I'm a non-native speaker.

I know for a fact that come is occasionally used as a preposition in informal contexts. See Oxford dictionary.


She would visit a new school come July

Now I wonder if there are any restrictions to that usage.

Could I, for example, write something like:

I was preparing pizza dough for the come evening

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    It is not idiomatic, used in that way. But you could say: I was preparing pizza dough, which would be very useful come evening. Your wording would require ...for the coming evening. – WS2 Jun 4 '16 at 18:53
  • Why do you call "come" there a preposition? – Tᴚoɯɐuo Jun 4 '16 at 19:00
  • @TimRomano because oxforddcitionaries.com does: oxforddictionaries.com/definition/american_english/come – Wottensprels Jun 4 '16 at 19:02
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    come there is a subjunctive form of the verb, pace the editors of that dictionary. – Tᴚoɯɐuo Jun 4 '16 at 19:16
  • "Come" is a preposition in your first example. But you've used it incorrectly in your second example since you can't use it as some kind of noun modifier. – BillJ Jun 4 '16 at 19:41

Yes, come is a preposition in such phrases as come July, come evening, come dinnertime...

You can hear thus usage in the Jimmy Buffett song "Come Monday" (YouTube video & lyrics).

In felicitous uses, come ________ can be paraphrased by

by the time _________ arrives, by the time it is _________, or when ________ gets here.

All the example sentences in Oxford can be paraphrased by using the expressions above.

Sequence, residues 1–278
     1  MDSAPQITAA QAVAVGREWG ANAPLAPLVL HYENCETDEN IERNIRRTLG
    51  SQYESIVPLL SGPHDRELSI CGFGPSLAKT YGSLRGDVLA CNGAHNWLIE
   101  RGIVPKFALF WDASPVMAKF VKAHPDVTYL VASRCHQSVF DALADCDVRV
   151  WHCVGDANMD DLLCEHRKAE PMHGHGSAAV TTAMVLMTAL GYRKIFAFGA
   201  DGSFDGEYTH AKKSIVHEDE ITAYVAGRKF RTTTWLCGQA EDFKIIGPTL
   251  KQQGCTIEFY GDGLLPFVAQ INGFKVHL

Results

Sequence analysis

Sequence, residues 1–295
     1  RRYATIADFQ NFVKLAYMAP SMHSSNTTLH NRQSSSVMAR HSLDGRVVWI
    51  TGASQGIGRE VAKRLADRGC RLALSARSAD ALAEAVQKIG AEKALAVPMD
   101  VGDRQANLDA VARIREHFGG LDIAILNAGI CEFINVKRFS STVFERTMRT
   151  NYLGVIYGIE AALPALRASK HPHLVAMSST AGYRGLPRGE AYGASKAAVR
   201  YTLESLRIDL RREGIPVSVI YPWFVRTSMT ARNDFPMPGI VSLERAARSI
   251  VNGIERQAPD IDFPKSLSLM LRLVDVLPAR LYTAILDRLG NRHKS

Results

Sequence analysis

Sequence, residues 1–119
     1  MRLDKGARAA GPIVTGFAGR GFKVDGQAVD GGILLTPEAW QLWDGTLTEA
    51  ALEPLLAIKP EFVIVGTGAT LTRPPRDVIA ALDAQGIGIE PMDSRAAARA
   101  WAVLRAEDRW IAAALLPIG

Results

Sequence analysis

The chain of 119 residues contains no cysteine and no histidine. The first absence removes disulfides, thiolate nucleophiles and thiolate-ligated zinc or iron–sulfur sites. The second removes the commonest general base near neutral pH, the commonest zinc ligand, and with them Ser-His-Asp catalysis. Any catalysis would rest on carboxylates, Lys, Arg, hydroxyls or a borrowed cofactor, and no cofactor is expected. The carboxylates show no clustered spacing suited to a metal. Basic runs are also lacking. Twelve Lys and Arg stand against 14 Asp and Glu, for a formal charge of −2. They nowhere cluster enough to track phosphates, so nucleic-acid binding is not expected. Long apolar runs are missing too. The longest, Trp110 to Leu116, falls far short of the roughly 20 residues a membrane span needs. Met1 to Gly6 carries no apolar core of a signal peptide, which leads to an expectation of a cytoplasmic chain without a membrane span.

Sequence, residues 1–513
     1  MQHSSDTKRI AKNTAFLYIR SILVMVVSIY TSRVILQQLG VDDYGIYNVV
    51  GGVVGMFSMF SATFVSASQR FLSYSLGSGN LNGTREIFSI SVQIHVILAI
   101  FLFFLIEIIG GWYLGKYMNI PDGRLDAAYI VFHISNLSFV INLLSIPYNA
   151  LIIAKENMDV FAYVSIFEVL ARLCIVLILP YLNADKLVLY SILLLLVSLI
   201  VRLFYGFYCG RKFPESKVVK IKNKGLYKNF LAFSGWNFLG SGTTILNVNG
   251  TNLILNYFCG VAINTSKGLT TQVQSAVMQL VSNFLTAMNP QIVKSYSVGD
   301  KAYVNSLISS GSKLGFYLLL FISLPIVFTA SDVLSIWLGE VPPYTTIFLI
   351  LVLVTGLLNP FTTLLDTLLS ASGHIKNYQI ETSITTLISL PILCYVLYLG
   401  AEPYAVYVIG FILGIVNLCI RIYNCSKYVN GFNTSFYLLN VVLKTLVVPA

It makes no sense in your sentence

*I was preparing pizza dough for the come evening.

just as no prepositional phrase would make sense there.

You could say the coming evening.

You could say something like

I was preparing pizza dough so we could cook pizzas come evening.


First, in your example "I was preparing pizza dough for the come evening" - you can't put an article in front of prepositions. Only nouns.

The usual way come as a preposition is used is *{ somebody } will / would / ought / should / must { do something } { for someone } come { time }. Particularly will is usually used with come like this. The modal is needed. Your second example lacks the model so it sounds weird.

The time used after come is usually "far off" at least in a sense. To use this with a short time frame such as evening implies you have a lot to do before evening.

I will have the pizza dough completed come evening. (I'm implying I have many things to do before the pizza dough will be completed.)

I will have the car fixed come next week. (This sounds natural.)

I would have had the pizza dough completed come that evening, but ... (How to construct if you want to talk about this entirely in the past. You need to qualify which evening because this construct is typically referencing a future time.)

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